In an advisory yesterday, the Apache Software Foundation reiterates its recommendation for users of Struts to make sure their installations run a version of the Commons FileUpload library newer than 1.3.2, lest they expose their projects to possible remote code execution attacks.
Mirai and Gafgyt, two of the best known IoT botnets, have forked once again, but the new variants peek at the corporate sector for creating or replenishing their denial-of-service resources for distributed attacks.
After last week a security researcher revealed a vulnerability in Apache Struts, a piece of very popular enterprise software, active exploitation attempts have started this week.
Security researchers have detected a new wave of cryptocurrency-mining malware infecting servers across the web, and this one is using multiple exploits to gain access to vulnerable and unpatched systems to install a Monero miner.
An aggressive and sophisticated malware campaign is currently underway, targeting Linux and Windows servers with an assortment of exploits with the goal of installing malware that mines the Monero cryptocurrency.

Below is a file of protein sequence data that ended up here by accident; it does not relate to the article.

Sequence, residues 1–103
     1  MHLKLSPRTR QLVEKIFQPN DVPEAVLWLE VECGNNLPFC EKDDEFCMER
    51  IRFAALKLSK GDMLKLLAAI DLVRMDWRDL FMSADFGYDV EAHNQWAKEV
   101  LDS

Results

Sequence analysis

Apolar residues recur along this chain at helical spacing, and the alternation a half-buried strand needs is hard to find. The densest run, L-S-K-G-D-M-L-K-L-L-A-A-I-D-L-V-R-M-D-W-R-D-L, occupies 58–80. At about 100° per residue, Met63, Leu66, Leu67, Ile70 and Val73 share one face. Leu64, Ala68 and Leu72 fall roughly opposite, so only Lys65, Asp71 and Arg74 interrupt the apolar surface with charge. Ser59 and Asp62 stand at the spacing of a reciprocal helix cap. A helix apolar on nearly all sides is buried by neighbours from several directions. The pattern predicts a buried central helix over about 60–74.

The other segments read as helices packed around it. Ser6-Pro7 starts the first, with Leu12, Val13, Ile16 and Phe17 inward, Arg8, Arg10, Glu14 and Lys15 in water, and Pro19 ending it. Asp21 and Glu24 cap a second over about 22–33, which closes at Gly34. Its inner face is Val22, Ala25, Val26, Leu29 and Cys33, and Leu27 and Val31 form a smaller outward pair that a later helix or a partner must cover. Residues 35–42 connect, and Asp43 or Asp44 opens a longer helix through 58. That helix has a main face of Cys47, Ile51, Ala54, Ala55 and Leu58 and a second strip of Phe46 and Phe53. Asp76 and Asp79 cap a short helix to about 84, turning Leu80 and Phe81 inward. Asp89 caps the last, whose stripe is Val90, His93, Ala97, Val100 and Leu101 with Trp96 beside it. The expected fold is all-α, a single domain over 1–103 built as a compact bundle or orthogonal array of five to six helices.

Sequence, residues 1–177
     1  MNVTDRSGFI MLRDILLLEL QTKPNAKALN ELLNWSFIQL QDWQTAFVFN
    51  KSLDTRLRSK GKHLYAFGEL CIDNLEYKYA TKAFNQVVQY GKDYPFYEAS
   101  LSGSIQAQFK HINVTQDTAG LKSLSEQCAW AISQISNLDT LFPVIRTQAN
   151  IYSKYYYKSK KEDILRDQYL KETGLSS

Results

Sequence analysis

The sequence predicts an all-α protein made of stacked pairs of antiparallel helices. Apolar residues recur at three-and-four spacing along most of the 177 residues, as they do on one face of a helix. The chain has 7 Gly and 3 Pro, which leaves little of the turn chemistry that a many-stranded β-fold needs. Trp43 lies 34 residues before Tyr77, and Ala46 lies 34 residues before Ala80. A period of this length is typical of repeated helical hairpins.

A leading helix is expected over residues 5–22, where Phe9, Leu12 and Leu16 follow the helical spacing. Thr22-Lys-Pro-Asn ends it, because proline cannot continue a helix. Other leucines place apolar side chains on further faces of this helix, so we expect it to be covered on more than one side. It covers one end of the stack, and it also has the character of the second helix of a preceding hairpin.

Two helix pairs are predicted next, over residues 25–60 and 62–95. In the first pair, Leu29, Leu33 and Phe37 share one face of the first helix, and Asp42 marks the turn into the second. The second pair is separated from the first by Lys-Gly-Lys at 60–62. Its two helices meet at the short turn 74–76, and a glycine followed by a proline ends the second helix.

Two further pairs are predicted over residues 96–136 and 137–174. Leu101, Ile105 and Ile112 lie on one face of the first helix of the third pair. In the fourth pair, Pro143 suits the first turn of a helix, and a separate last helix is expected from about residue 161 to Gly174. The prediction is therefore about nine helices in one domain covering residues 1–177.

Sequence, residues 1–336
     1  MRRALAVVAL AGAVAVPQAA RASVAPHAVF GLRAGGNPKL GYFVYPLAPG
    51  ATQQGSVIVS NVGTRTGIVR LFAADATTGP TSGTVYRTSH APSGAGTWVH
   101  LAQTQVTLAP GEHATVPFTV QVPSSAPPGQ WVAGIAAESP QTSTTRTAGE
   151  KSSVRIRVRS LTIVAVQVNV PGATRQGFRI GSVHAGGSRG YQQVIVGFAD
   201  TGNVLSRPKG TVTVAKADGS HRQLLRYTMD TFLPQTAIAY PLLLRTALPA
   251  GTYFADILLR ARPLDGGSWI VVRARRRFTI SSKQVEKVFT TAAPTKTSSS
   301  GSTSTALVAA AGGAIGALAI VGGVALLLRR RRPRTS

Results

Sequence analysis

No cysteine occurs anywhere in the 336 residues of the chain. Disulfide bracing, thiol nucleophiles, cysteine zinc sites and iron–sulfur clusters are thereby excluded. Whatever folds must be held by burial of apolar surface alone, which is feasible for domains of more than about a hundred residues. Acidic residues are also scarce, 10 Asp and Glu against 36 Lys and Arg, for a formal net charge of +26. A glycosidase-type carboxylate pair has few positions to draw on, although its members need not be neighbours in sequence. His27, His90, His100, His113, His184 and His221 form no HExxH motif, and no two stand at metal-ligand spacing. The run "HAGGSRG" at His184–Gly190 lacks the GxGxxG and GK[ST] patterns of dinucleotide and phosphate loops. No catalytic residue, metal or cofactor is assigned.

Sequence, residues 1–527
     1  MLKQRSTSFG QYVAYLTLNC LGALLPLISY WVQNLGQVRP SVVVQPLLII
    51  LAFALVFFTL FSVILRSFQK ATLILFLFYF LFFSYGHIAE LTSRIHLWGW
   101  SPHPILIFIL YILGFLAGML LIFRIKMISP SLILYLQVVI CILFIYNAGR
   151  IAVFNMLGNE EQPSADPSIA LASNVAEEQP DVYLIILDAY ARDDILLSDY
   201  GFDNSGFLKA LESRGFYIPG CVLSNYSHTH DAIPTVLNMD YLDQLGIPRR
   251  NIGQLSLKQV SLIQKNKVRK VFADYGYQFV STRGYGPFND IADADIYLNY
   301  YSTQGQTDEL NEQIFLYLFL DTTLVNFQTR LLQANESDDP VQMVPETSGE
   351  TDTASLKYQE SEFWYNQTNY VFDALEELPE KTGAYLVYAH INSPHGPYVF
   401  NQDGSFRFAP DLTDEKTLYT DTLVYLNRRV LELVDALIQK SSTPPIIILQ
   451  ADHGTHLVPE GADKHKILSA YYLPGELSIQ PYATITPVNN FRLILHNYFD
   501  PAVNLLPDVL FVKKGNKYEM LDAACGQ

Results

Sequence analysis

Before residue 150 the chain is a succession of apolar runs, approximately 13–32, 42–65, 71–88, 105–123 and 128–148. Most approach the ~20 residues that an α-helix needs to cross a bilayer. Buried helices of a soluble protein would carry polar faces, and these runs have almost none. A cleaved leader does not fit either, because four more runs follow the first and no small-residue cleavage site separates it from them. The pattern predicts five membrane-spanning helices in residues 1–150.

In an update posted to its security breach website, Equifax said hackers used an Apache Struts security bug to breach its servers and later steal data on over 143 million customers, from both the US and the UK.
Cisco has initiated a mass security audit of all its products that incorporate a version of the Apache Struts framework, recently affected by a series of vulnerabilities, one of which is under active exploitation.
An estimated 65% of Fortune 100 companies could be vulnerable to a security bug discovered in Apache Struts, a popular Java MVC framework used in the development of many top-grade enterprise applications.
For more than a month, at least ten groups of attackers have been compromising systems running applications built with Apache Struts and installing backdoors, DDoS bots, cryptocurrency miners, or ransomware, depending if the machine is running Linux or Windows.